3.7. Seawater intrusion in coastal aquifers

The exploitation of coastal aquifers always produces a lowering of the water table levels which are protected by the effects in the coastal strip of the sea level. When the extracted volumes are greater than the recharge, even on a local basis, a salinisation process begins in the aquifer as the seawater flows upon the land. In the light of this, the management of coastal aquifers is conditioned by the need to determine the maximum permissible penetration limit for each particular aquifer (MOPTMA-MINER, 1984).

The problem of aquifer contamination by seawater intrusion, together with the extent and seriousness of the problem, are mainly conditioned by three factors: the difference between the respective densities of the fresh and salt water, the hydrodynamic properties of the aquifer and the flow that the aquifer discharges into the sea.

The first two factors are intrinsic to the seawater intrusion problem regardless of the climate in the region. Furthermore, these two parameters are fixed, and cannot be modified by the usual anthropogenic activity. The flow that the aquifers discharge into the sea is conditioned by natural conditions (from rainfall) or artificial recharge (mainly from irrigation) and by pumping. Therefore, anthropogenic actions can bring about some modifications.

The main salinity problems in the semi-arid zones of Europe are caused by a scarce recharge by rainfall. This problem is further aggravated by the fact that the climates in these areas attracts an influx of European tourism, especially in the summer months. Such a situation causes imbalances, water shortage problems and costly and complicated management mechanisms.

Furthermore, the solutions that have been usually adopted in the fight against saline intrusion, are rather inappropriate to the semi-arid zones of Europe. The most common technique is to increase the groundwater flow from the aquifers to the sea. Another is to recharge water reserves in technically strategic coastal zones. However, it is difficult to obtain freshwater recharge sources in semi-arid areas. Slightly diluted wastewater constitutes a further problem when attempting to fight seawater intrusion and, finally, given that the recharge installations would have to cover an extensive surface area, the availability of land for such purposes is both scarce and costly and carries its own environmental impact.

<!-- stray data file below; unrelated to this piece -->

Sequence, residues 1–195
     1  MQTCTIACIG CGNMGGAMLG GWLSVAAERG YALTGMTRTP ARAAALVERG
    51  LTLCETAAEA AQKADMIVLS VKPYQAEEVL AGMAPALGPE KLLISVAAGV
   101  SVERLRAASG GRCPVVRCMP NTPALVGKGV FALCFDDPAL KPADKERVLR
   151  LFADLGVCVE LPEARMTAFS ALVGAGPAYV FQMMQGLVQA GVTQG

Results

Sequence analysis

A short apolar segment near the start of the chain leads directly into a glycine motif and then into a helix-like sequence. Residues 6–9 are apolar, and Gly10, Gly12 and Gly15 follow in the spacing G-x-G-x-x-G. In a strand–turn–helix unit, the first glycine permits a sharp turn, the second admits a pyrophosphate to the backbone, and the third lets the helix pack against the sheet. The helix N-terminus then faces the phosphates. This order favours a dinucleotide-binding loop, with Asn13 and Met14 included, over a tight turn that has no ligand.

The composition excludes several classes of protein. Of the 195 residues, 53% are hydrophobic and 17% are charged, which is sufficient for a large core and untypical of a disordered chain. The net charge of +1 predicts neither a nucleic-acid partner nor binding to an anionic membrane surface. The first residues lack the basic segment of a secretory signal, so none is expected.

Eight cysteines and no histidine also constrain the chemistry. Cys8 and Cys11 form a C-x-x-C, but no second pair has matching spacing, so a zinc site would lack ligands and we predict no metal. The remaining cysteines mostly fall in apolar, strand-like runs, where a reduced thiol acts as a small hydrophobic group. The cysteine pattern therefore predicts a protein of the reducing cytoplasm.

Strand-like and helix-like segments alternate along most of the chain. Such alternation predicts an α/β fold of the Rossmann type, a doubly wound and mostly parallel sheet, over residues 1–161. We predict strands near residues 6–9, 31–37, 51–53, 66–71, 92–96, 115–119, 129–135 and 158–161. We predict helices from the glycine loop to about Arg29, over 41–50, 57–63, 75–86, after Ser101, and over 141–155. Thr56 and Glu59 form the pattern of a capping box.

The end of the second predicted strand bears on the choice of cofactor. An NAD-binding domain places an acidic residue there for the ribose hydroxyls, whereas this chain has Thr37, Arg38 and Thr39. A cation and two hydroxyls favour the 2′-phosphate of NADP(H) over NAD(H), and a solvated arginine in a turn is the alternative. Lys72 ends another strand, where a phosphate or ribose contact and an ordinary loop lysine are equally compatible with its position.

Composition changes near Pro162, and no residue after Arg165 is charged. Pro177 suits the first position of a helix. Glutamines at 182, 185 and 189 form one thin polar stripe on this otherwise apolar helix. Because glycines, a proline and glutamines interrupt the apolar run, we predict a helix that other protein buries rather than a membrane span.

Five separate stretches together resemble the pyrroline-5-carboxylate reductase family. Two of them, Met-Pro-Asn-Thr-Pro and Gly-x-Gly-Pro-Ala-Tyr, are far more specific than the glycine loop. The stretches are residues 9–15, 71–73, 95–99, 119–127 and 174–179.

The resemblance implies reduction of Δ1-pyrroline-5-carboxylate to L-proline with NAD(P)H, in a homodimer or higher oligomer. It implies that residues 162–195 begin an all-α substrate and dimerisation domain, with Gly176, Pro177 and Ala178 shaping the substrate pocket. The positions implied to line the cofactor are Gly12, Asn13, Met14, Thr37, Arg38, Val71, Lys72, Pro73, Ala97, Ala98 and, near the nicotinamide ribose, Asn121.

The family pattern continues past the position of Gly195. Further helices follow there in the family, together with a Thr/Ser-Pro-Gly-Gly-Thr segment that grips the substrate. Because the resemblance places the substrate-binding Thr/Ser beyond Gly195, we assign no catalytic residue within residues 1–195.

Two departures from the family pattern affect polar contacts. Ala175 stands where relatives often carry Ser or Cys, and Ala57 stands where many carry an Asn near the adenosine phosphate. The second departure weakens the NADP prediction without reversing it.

3.7.1. Spain

A total of 58% of the 82 coastal hydrogeological units in Spain and the Balearic Islands show some evidence of seawater intrusion as a direct result of over-exploitation of the freshwater resources. In some cases (7%) this is a local effect around the pumping area, while in others (33%) this encroachment covers a larger area. In the rest (18%) this intrusion affects all the aquifer or most of it (MOPTMA-MINER, 1994).

Figure 3.7-1 shows the aquifers with saline intrusion problems in the Segura and Jucar catchment areas. There are some others in the Balearic Islands and in the Catalan area, but these are not regarded as semi-arid areas in the context of this report.


Figure 3.7.-1 Marine intrusion in aquifers in semi-arid areas of Spain


All of them are used for human purposes. The mean annual Cl concentration are expressed as the lower limit.

* Guadiana basin:e1: Ayamonte-Huelva
* Guadalquivir basin:e2: Rota-Sanlucar-Chipiona; e3: Puerto de Santa Maria; e4: Puerto Real-Conil; e5: Vejer-Barbate
* Sur basin:e6: Bajo Almanzora; e7: Campos de Nijar; e8: Andarax-Almeria; e9: Campo de Dalias; e10: Albulñol; e11: Carchona; e12: Rio Verde; e13: Velez; e14: Bajo Guadalhorce; e15: Fuengirola; e16: Marbella-Estepona
* Segura basin:e17: Campo de Cartagena; e18: Mazarron; e19: Aguilas
* Jucar basin:e20: Plana de Vinaroz; e21: Plana de Oropesa; e22: Plana de Castellon; e23: Plana de Sagunto; e24: Plana Valencia-Norte; e25: Plana Valencia Sur; e26: Plna Gandia-Denia; e27: Peñon-Montgo-Bernia; e28: Orcheta.


3-7.2. Portugal

Problems in Portuguese aquifers are of little extension and are not serious, these appear in Coast-Central Algarve and Coast-Oriental Algarve, as Table 3.7-1 shows.


3.7.3. Italy

In the Island of Sardinia, there are four aquifers having sea water intrusion as Table 3.7-1 shows; all of them are used for human supply purposes.

Table 3.7.-1 Sea water intrusion in Portugal and Italy (Sardinia)


Aquifer name

R (*)


Cl (***)


Coast-Central Algarve





Coast-Oriental Algarve




Italy (Sardinia)

S. Lucia





Muravera (Flumendosa)





Villasimius Rio Foxi





(*) R: Mean annual recharge in 106 m3/year
(**) E: Mean annual exploitation in 106 m3/year
(***) Cl: Mean annual Cl concentration in mg/l


3.7.4. Greece

Marine intrusion problems have been detected in ten hydrologic departments, particularly in coastal areas and in the Aegean islands.

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